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Redwood National Park and Redwood State Parks

Redwood National Park and the Redwoods State Parks, managed cooperatively by the National Park Service and the California Department of Parks and Recreation, protect nearly 40,000 acres of the original Redwood forests -- almost half of the total remaining. Less well known are the parks’ prairies and oak woodlands, the coastal and marine ecosystems, and the herds of magnificent Roosevelt Elk. Along the northern "Redwood coast," the national and state parks form a mosaic in which areas of the larger national park are interspersed with the three state parks along roughly 50 miles of California’s northern coast.

The largest section of the park, in the south, includes the world’s tallest trees. The tallest Redwood (almost 368 feet) is in Tall Trees Grove on the banks of Redwood Creek. It can be reached via a steep, 1 1/4-mile trail or by an 8 1/2-mile trail along Redwood Creek with camping allowed along the way. The Lady Bird Johnson Grove has a 1-mile trail through an ancient forest. The park also has magnificent stretches of coast. Enderts Beach, in the north, a sandy strand bordered by tall bluffs, has a rocky tidepool at its southern end. Nearby Crescent Beach Overlook is a good whale-watching point.

This 9,500-acre park, the northernmost of the three state parks, is mostly old-growth Redwood forest. It can be explored by walking the 1/2-mile Simpson-Reed Discovery Trail or by driving along Howland Hill Road, a narrow, 7-mile gravel artery that winds through stands of Western Hemlock, Douglas Fir, and Tanoak. The head of the trail to Stout Grove -- with its 1,500- to 2,000-year-old Redwoods -- is also along this road. Much of the length of Howland Hill Road follows the course of the Smith River, which has good runs of Chinook Salmon and Steelheads.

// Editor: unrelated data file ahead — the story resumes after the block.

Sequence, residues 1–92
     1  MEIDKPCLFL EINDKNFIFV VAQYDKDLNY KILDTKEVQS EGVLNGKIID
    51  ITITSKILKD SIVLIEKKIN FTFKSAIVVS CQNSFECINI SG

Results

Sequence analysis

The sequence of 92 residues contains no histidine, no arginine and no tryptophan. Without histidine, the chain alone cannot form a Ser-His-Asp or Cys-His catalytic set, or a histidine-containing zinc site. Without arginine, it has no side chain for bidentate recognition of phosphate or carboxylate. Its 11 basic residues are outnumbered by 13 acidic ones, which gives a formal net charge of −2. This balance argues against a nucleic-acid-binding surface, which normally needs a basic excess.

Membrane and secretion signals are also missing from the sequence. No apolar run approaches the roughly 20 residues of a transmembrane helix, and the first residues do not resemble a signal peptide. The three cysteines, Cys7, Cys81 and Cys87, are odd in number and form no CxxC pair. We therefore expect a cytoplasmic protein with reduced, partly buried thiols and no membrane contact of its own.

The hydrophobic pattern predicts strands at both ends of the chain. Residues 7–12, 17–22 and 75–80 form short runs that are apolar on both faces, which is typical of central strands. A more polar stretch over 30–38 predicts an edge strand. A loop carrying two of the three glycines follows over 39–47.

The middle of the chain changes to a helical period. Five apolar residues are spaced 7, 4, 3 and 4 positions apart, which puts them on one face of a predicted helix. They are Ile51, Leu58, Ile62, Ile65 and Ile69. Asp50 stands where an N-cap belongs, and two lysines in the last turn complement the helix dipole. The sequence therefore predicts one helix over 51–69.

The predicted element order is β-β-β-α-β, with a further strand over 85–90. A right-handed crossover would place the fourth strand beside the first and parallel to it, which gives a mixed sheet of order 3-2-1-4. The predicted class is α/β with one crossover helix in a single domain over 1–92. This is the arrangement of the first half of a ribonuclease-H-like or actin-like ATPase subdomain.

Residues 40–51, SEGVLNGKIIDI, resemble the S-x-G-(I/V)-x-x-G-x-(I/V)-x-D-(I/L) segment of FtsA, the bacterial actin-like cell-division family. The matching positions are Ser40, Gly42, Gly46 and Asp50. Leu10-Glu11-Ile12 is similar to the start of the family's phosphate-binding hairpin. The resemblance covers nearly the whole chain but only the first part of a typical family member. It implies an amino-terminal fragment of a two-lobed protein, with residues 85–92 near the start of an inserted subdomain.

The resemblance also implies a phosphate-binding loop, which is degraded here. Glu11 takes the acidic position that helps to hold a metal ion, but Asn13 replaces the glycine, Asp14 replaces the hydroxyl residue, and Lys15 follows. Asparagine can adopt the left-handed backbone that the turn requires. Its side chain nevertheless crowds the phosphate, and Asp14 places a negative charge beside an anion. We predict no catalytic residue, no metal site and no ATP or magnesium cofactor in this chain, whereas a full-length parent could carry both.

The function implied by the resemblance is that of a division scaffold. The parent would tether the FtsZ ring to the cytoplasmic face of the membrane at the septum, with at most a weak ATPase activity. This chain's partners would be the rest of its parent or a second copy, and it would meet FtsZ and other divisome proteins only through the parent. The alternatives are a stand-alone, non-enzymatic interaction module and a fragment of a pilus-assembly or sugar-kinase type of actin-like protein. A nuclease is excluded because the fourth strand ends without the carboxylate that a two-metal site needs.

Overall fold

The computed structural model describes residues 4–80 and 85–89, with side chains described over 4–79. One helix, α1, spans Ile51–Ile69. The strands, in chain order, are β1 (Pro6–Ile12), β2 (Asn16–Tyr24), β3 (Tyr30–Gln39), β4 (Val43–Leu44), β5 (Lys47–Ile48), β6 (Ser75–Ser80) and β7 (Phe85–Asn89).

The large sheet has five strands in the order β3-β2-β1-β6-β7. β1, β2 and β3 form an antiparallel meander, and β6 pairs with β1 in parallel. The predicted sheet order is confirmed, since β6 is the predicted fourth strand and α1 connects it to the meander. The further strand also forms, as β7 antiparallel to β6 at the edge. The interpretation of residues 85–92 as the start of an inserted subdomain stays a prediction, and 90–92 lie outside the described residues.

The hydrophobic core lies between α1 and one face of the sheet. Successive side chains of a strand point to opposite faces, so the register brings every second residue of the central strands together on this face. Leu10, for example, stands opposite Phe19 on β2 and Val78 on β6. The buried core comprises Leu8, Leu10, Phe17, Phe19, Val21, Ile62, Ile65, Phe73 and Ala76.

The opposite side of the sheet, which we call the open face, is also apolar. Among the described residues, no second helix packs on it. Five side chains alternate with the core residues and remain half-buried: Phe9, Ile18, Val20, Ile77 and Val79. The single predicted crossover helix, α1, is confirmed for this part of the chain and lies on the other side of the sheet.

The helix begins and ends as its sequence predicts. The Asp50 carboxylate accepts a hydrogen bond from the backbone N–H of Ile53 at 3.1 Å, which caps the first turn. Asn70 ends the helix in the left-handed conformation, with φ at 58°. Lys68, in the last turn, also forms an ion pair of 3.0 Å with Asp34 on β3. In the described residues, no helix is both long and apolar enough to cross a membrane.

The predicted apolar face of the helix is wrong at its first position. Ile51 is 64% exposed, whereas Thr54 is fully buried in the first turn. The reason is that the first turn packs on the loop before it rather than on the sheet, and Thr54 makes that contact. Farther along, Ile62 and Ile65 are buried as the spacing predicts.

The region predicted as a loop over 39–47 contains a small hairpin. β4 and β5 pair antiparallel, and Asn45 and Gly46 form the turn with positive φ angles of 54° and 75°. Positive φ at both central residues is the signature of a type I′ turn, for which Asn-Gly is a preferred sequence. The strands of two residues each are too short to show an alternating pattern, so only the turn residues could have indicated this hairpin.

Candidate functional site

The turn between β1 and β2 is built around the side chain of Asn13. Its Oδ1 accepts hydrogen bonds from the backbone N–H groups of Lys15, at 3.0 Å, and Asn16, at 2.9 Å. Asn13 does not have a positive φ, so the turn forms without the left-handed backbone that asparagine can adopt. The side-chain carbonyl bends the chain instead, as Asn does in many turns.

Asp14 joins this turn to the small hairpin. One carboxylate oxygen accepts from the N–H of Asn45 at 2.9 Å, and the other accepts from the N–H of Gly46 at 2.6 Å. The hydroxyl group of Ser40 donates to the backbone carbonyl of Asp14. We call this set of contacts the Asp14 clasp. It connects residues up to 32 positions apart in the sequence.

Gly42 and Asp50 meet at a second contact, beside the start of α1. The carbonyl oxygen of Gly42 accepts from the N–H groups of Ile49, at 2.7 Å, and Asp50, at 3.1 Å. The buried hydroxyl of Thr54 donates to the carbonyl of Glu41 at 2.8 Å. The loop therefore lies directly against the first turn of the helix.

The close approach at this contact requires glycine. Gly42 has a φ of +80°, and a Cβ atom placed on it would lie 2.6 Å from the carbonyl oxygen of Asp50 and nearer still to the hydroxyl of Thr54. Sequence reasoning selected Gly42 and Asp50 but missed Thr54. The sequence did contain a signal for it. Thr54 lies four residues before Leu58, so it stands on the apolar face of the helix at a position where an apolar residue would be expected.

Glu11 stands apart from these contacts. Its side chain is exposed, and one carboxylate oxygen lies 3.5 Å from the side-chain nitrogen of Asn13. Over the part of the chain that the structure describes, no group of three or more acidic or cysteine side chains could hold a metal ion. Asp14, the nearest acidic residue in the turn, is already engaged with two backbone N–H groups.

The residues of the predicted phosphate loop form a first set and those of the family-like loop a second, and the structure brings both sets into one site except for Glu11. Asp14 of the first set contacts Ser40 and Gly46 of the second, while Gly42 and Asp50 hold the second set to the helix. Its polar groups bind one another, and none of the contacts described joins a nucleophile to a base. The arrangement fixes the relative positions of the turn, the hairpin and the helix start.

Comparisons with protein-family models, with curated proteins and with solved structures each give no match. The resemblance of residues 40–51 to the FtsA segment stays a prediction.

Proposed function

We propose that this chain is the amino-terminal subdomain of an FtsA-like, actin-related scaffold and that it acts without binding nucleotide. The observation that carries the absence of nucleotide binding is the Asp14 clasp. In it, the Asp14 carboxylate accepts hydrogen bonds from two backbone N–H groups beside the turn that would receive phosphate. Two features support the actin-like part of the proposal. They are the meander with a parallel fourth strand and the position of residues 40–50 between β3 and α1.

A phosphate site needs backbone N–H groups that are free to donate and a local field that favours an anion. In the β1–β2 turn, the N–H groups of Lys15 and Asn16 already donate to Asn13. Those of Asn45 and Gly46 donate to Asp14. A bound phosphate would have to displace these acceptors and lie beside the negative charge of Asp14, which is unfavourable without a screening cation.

Best known for its spectacular coastline, this 6,400-acre park south of Jedediah Smith offers stunning views of False Klamath Cove, picturesque offshore rocks, and tidepools. Damnation Creek Trail winds northward 2 1/2-miles along the coast through forests of Redwood and Sitka Spruce. The trail ends at a wild, rocky beach with sheer cliffs, sea stacks, and a small natural arch.

In addition to preserving a number of old-growth Redwood groves, this 14,500-acre park just north of the largest part of Redwood National Park has extensive coastal prairies where herds of Roosevelt Elk graze. These huge, handsome animals can be seen at the Elk Prairie campground and Gold Bluffs Beach. The Newton B. Drury Scenic Parkway, a bypass for U.S. 101, has many stopping places, and offers access to trails to two notable Redwoods named Big Tree and Corkscrew Tree. Driving along the gravel Cal-Barrel Road makes for a leisurely tour through the forest. Magnificent, steep-sided Fern Canyon, filled with Giant Horsetails, mosses, and ferns and populated by the Banana Slug, is at the beginning of a 7 1/2-mile loop trail.

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Featured Species at this park:



Varied Thrush

Pacific Giant Salamander